*************** Credits ***************************************

Salem, MA, port.  Harbor photo by a cousin.

3 thoughts on “Home is where you go

  1. Is that mobile home idea an option for you in the future? It sounds wonderful and I’m glad for a happy ending to your ill friend’s story. Good on you for helping her too. I don’t know your circumstances, but I will say that it’s extremely freeing to have your own space. That you own or are buying or whatever. Where, although you are responsible for repairs and maintenance, you don’t have all the worry and bother of landlords and shitty neighbors (well the shitty neighbors are just a fact of life where ever one might live I guess). But the freedom and feeling of accomplishment is wonderful. Plus (practical side of the coin) it’s equity that presumably is an asset which one could fall back on if one needed to. Best wishes! I hope you aren’t harsh on yourself because of the breathing issue. It’s merely a reminder of why you’re doing what you’re doing right now. And therapy isn’t easy and can invoke panic attacks and stress – which might just show up physically for some of us. Take care sweetie! Looking forward to your next post too! 🙂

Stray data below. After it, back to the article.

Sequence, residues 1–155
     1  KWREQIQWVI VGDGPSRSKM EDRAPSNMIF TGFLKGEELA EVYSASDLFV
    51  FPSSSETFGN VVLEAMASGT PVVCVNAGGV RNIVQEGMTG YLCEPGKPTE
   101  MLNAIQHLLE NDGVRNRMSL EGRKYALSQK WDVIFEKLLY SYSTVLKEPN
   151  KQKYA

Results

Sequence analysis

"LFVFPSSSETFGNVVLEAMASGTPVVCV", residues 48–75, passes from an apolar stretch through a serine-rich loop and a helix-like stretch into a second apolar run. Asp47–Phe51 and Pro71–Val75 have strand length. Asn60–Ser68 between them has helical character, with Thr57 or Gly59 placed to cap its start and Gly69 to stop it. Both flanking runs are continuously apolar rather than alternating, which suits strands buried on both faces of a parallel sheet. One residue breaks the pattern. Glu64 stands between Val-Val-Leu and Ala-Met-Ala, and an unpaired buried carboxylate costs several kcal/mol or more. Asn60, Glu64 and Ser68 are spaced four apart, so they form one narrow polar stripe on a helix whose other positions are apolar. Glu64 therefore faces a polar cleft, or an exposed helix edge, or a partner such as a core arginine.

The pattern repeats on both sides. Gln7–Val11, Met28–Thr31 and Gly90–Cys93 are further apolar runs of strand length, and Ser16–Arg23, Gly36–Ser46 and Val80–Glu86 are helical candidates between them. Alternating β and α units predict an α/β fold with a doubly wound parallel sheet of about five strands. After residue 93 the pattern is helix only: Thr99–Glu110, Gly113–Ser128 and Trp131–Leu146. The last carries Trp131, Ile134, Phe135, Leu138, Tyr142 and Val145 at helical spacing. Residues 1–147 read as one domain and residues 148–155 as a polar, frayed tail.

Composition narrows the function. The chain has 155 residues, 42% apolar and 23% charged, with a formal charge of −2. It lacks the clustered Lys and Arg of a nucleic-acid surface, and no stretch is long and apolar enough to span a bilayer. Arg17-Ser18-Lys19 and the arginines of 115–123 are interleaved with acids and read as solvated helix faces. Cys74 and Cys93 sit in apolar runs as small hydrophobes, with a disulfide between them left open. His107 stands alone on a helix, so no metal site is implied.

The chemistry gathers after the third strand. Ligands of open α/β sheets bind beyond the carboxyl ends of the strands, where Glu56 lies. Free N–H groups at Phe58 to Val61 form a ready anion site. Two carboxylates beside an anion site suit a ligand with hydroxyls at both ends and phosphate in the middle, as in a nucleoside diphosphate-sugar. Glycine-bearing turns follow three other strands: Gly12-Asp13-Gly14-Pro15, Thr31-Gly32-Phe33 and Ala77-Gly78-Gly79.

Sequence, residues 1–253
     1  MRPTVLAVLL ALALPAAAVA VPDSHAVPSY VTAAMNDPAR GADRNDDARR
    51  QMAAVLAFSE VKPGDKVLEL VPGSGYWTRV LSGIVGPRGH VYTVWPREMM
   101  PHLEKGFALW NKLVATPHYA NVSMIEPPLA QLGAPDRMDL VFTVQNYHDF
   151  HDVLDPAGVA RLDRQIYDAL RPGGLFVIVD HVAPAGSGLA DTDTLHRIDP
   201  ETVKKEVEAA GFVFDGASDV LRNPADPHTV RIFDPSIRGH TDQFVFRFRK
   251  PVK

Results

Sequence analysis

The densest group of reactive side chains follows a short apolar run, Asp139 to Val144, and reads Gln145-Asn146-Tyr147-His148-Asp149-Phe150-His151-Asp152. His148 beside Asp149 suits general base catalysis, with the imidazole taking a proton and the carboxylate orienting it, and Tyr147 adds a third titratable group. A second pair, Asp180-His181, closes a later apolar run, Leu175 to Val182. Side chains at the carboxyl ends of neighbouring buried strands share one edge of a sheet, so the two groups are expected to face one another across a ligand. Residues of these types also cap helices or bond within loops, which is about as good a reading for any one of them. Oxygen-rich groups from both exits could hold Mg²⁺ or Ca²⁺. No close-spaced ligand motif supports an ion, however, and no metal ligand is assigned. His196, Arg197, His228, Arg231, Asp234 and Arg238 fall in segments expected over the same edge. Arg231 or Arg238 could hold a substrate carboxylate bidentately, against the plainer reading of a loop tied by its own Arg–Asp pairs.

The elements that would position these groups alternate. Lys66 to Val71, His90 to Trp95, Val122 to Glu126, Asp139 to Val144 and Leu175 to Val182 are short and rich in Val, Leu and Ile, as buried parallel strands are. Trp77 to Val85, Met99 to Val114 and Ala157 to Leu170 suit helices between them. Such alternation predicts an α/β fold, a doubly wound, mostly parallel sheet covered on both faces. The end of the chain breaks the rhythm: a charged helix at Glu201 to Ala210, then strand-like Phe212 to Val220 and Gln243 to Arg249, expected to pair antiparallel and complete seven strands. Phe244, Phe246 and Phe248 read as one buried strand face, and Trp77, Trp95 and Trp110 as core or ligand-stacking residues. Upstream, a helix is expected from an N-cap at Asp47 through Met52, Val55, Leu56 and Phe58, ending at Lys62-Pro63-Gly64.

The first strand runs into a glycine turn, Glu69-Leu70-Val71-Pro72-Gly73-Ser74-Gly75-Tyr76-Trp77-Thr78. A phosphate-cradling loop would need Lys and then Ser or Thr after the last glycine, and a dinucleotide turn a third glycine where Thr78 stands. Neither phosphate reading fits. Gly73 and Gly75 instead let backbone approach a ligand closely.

Liked by 1 person

  2. Thanks, and yes, it’s an option for me. Once I get my situation resolved and get my credit back up to where it was earlier this Summer.

    I made an offer on a mobile home in a park that I liked, and ended up backing out of the deal because the place looked like a money pit. And because I couldn’t get my 401k fund managers to make sense on what they were telling me.

    I don’t want to own my own place, but it’s a good solution to control costs so that I don’t have to move to the boonies.

    Basically, I had a FICO score of 815, found a wildly overpriced unit in the same seniors-only, non-profit, rent controlled park where my business partner resides, got pre-approval to use $50k of my own money ($40k as a down, and $10k for anticipated repairs), had park management approval on the purchase, had the mortgage approved, and then, when it was time to write me a check for $50k as a hardship withdrawel on the unit’s purchase, they would only give me $33k from my 401k (not allowing me to take out the money for repairs or earnest money deposit repayment back into my cash savings).

    Couldn’t get them to explain why I had a letter with $50k pre-approval and only a check for $33k in hand (with the costs of the repair estimates rising) so I cancelled the deal.

    At this minute, my FICO score is down to about 655 (couldn’t believe it took that much of a hit over this fiasco), and with all the forecasts of El Nino and flooding dangers for this Winter, I’m kind of ok with waiting to try again until next year.